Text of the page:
He flip summoned Magician of Faith, taking back Graceful Charity and activating it. He discarded Smashing Ground and D. D. Assailant, set one spell or trap, and as he entered his end phase Max flipped Call of the Haunted, bringing back Jinzo.
Max drew, and summoned Sangan. He attacked Magician of Faith with Sangan, then sliced off 2500 life points directly with Jinzo. He set a spell or trap and ended.
Life points now showed Bryan at 600 and Max with 3700. Bryan drew and studied his hand carefully. Any mistake now would cost him the match, and he knew it. With a clear monster zone and one spell or trap, he was at a disadvantage. He had five cards in his hand, but none of them seemed to be what he wanted, as he looked them over again and again. Finally, he made a decision, and activated Snatch Steal targeting Jinzo. It wasn’t to be—Max responded with Mystical Space Typhoon to destroy Snatch Steal. That option gone, Bryan activated Lightning Vortex to remove Jinzo and Sangan, as Max looked through Bryan’s graveyard trying to determine what that set spell or trap could potentially be. Max then searched out a monster with Sangan’s effect, choosing Magician of Faith. Bryan set a monster and ended.
Max drew, and used Nobleman of Crossout on the monster, revealing Spirit Reaper. He set a monster, set a spell or trap, and ended. Bryan drew, set a monster and a spell or trap and ended. Max drew, flip summoned Magician of Faith, took back Pot and activated it. He set another monster, and another spell or trap, and ended. Bryan was still holding on by 600 life points, and playing a defensive game. He set a spell or trap and ended.
Max flip summoned Magician of Faith, and took back Graceful Charity. He activated it, discarding Sinister Serpent and Metamorphosis, summoned D. D. Warrior Lady, and switched one Magician of Faith to defense. All he needed was one final push to win the game. He attacked Bryan’s face-down monster, and was rewarded with Sakuretsu Armor. Undaunted, he entered main phase two and used Metamorphosis on Magician of Faith to turn it into Thousand-Eyes Restrict. He sucked up the D. D. Assailant, and ended.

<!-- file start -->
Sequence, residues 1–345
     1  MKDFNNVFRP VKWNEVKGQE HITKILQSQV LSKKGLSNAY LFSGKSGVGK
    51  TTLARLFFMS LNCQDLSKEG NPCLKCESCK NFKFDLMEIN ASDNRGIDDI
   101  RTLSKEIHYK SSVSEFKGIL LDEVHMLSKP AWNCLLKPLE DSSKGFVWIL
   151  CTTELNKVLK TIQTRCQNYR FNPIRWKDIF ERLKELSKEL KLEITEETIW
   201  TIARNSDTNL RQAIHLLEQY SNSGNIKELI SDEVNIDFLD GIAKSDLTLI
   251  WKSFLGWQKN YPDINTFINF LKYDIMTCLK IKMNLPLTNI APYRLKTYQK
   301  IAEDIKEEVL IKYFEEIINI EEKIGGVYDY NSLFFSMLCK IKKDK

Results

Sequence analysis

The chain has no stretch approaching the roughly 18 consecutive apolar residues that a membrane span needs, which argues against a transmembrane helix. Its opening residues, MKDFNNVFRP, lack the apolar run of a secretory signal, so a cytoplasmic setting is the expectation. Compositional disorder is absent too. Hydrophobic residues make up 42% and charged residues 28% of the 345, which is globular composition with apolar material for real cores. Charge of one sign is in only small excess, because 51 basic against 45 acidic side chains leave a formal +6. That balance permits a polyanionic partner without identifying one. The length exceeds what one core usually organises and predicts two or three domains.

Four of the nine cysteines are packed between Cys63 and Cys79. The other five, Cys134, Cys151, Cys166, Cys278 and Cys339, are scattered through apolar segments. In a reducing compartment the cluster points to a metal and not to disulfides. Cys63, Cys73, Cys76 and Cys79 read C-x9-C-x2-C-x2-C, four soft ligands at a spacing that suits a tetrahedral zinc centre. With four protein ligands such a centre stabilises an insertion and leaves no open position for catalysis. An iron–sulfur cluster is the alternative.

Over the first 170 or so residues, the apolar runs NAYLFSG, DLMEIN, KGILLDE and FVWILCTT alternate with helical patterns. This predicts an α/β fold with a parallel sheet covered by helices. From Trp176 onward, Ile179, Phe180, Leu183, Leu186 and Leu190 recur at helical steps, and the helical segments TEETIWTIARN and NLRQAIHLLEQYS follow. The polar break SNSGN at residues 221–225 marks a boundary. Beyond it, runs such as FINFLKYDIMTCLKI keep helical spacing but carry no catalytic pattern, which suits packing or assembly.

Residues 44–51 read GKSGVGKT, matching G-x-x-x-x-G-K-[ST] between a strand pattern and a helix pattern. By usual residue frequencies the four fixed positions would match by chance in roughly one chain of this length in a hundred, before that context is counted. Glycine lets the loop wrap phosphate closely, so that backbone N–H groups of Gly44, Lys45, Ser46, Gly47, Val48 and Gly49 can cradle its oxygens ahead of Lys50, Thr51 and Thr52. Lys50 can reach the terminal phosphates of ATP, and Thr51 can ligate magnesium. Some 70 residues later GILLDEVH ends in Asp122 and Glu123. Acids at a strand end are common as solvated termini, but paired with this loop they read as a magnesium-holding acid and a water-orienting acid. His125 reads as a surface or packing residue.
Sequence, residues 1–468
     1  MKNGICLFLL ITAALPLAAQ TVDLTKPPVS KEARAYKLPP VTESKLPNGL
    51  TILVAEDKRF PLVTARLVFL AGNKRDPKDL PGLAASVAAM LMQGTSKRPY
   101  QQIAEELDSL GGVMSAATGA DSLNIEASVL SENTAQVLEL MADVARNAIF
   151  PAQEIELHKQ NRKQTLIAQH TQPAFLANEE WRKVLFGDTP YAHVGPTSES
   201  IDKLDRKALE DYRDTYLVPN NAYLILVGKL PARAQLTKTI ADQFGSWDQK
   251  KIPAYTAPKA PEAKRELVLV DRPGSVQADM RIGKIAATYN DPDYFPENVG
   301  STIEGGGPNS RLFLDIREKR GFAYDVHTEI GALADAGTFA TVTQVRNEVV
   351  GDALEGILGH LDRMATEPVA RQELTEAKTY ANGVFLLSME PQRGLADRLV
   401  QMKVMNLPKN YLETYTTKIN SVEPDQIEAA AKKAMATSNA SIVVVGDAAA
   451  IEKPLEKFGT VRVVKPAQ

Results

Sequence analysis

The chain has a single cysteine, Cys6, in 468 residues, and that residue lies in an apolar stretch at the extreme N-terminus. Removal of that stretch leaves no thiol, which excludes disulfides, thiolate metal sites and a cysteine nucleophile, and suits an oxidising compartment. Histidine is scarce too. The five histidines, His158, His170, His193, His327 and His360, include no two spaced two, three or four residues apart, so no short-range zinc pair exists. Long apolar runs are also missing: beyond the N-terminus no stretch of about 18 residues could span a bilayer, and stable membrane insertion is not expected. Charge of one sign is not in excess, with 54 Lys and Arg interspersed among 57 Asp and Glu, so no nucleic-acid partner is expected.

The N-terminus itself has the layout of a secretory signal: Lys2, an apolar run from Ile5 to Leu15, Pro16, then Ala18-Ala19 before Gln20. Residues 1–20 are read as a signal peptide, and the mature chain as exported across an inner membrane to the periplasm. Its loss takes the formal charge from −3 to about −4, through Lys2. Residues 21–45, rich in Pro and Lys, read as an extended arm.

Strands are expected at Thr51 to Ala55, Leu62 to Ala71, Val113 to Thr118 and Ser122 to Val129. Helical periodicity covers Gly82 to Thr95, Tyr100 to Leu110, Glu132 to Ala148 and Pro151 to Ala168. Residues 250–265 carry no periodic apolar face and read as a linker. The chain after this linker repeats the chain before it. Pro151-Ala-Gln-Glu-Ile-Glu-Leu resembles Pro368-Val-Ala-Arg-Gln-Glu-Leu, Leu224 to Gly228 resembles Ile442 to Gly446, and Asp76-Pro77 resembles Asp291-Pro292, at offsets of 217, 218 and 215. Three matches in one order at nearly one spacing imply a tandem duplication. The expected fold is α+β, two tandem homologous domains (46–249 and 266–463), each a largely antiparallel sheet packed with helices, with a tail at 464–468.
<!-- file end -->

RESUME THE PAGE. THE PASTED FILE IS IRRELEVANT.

Bryan drew, pondered his available options, then sent one spell/trap and ended. Max attacked with Thousand-Eyes, only to lose D. D. Assailant to Bryan’s Mystical Space Typhoon. Max summoned Breaker the Magical Warrior, and broke Bryan’s Premature Burial (no real loss with the life point situation as it was), and ended.
Bryan drew, studied his cards and the field, and ended. Max summoned Tsukuyomi to flip Thousand-Eyes Restrict face down, then attacked with Breaker for the win.
It’s hard to believe, but occasionally you do see a semifinal match with no Black Luster Soldier – Envoy of the Beginning. It was a well-played match on both sides, but there’s always only one winner in the end. Max went on to the finals, where he would compete for a chance for the title of United States Yu-Gi-Oh! Champion.
This article was originally written by Metagame.com, what was formerly the official website for large Yu-Gi-Oh! tournament coverage. It has been preserved by GoatFormat.com so that players can learn from this historical tournament coverage.